Sunday, 17 July 2011

Historical References: The Lost Expedition

Relics from the lost expedition, published in the
Illustrated London  News, 1854

Do not go gentle into that good night
Rage, rage against the dying of the light.

~Dylan Thomas
It is 19 May 1845, and the two ships HMS Terror and HMS Erebus are setting out on an expedition to find the near-mythical North-West Passage. Aboard are 129 men. The vessels are outfitted with the most sophisticated and modern inventions — no expenses have been spared. Both have modern steam-engines and screw propellers, making them capable of travelling at a speed of 4 knots under their own power. They have reinforced hulls, and steam-powered heating for the crew-quarters. They have supplies to sustain the members of the expedition for five years. The commander of the mission is Sir John Franklin.

The two ships were last seen in the end of July that year by a couple of whaling vessels in Baffin Bay. Not until 1854 did any news  about the expedition's fate reach England. A search-party sent out by the Hudson Bay Company could deliver the following chocking account. "From the mutilated state of many of the bodies and the contents of the kettles, it is evident that our wretched Countrymen had been driven to the last dread alternative — cannibalism — as a means of prolonging existence."[1] This of course sparked quite a controversy back in London.

We now know that the expedition wintered off Beechey Island, not far from Nunavut, between 1845 and 1846. Here three men died. The following winter, both ships became locked in the ice off King William Island, and neither sailed again. Franklin himself died there on 11 June 1847. The crew wintered here one more year, and the survivors finally set out on foot in late April 1848. They would all die, never coming closer than several hundred miles from the nearest outpost of Western civilization.

What went wrong? There were a number of factors that played a part in the gruesome demise of the 129 sailors and officers. First off, seriously, you know you're in a horror-story when the plan is to take two ships named Terror and Erebus, into uncharted Arctic waters. Then there is the commanding officer, Sir John Franklin. He wasn't the first, or even the fourth choice. Franklin got the job because the rest either said no, or lacked the necessary social prerequisites for such a high profile position. I'm not saying he was a poor choice, but it fits the picture of a doomed journey quite nicely so far.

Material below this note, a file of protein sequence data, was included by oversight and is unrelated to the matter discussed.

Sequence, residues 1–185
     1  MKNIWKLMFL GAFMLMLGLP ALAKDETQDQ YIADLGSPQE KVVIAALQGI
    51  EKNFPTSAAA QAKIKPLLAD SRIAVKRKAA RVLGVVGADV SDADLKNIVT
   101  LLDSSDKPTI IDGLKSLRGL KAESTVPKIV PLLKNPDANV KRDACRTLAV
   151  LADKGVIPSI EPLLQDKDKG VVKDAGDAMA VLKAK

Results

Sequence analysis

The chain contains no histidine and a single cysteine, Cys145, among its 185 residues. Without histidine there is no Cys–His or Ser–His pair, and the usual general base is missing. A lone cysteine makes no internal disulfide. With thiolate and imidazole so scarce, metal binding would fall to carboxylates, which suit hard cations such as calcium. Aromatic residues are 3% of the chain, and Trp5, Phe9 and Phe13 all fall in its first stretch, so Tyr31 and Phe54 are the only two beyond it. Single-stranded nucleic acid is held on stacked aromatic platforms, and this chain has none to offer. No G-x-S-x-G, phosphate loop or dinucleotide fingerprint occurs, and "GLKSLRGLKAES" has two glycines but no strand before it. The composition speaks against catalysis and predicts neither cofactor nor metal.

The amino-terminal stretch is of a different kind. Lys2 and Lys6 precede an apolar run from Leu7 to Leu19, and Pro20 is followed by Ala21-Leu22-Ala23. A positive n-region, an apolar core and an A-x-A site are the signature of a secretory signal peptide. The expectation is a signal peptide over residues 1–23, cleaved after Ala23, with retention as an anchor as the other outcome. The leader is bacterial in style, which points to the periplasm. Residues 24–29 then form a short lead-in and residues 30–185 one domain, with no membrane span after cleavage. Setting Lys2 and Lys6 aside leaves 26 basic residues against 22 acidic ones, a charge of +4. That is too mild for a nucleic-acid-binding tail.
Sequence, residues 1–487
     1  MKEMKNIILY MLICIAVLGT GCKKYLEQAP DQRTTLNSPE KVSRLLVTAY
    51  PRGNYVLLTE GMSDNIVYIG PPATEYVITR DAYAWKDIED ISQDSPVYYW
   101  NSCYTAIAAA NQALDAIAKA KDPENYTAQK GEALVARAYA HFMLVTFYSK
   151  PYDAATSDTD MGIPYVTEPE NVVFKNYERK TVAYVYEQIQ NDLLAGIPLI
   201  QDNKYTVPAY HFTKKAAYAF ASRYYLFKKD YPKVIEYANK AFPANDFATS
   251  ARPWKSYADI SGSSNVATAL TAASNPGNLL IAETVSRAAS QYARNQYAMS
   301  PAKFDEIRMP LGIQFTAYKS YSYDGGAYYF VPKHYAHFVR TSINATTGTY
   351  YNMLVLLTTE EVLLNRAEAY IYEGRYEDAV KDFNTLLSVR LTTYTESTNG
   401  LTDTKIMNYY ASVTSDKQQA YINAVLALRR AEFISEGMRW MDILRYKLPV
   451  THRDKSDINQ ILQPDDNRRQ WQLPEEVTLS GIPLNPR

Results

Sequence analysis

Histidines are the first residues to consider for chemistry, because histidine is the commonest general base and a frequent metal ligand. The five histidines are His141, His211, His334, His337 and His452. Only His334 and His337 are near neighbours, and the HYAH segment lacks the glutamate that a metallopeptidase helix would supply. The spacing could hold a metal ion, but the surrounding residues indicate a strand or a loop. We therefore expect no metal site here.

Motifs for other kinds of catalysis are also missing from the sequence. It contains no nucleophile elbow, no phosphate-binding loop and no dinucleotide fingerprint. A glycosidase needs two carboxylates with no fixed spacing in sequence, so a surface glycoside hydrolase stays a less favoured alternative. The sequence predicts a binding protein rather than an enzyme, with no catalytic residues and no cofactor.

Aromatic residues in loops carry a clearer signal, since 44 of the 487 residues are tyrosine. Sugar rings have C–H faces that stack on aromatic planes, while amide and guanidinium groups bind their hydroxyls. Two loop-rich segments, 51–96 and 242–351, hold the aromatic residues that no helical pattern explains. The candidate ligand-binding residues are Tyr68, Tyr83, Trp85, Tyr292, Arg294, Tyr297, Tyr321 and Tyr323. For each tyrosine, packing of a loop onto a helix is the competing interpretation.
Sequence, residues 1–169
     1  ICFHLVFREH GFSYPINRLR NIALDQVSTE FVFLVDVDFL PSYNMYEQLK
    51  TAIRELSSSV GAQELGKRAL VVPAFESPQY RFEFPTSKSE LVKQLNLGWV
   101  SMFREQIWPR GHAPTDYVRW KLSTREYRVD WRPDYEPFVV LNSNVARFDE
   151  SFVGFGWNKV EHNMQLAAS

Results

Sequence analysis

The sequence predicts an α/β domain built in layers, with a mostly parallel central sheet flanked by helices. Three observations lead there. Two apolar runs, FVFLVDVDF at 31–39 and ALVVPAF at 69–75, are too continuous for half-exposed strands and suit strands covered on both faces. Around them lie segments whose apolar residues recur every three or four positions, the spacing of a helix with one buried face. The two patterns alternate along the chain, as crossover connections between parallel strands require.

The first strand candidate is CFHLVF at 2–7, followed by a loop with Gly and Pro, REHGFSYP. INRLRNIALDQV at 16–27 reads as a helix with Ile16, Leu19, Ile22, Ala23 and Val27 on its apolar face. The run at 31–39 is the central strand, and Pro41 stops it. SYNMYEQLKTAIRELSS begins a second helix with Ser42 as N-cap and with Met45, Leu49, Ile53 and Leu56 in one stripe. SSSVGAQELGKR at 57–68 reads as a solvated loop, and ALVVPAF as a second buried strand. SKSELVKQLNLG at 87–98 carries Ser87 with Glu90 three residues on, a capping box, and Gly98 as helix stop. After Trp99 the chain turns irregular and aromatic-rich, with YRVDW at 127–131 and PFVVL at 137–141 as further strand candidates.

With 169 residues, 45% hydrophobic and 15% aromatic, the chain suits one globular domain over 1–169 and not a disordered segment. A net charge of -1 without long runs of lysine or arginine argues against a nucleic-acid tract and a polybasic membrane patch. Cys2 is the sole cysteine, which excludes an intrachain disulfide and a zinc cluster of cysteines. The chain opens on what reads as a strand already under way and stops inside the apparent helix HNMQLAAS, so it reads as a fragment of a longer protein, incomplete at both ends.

Another reason was the choice of course. Apparently, the passage on King William Island's western side took them into "a ploughing train of ice [that] does not always clear during the short summers."[2] The eastern passage was later used by Roald Amundsen when he, as the first to do so, successfully navigated the North-West Passage in his 1903-1906 expedition [Edit: See Robert McLure]. The Franklin-crew was also beset by illness:
"[Results of a study of] King William Island and Beechey Island artifacts and human remains showed that the Beechey Island crew had most likely died of pneumonia and perhaps tuberculosis [...] Toxicological reports pointed to lead poisoning as a likely contributing factor. Blade cut marks found on bones from some of the crew were seen as signs of cannibalism. Evidence suggested that a combination of cold, starvation and disease including scurvy, pneumonia and tuberculosis, all made worse by lead poisoning, killed everyone in the Franklin party.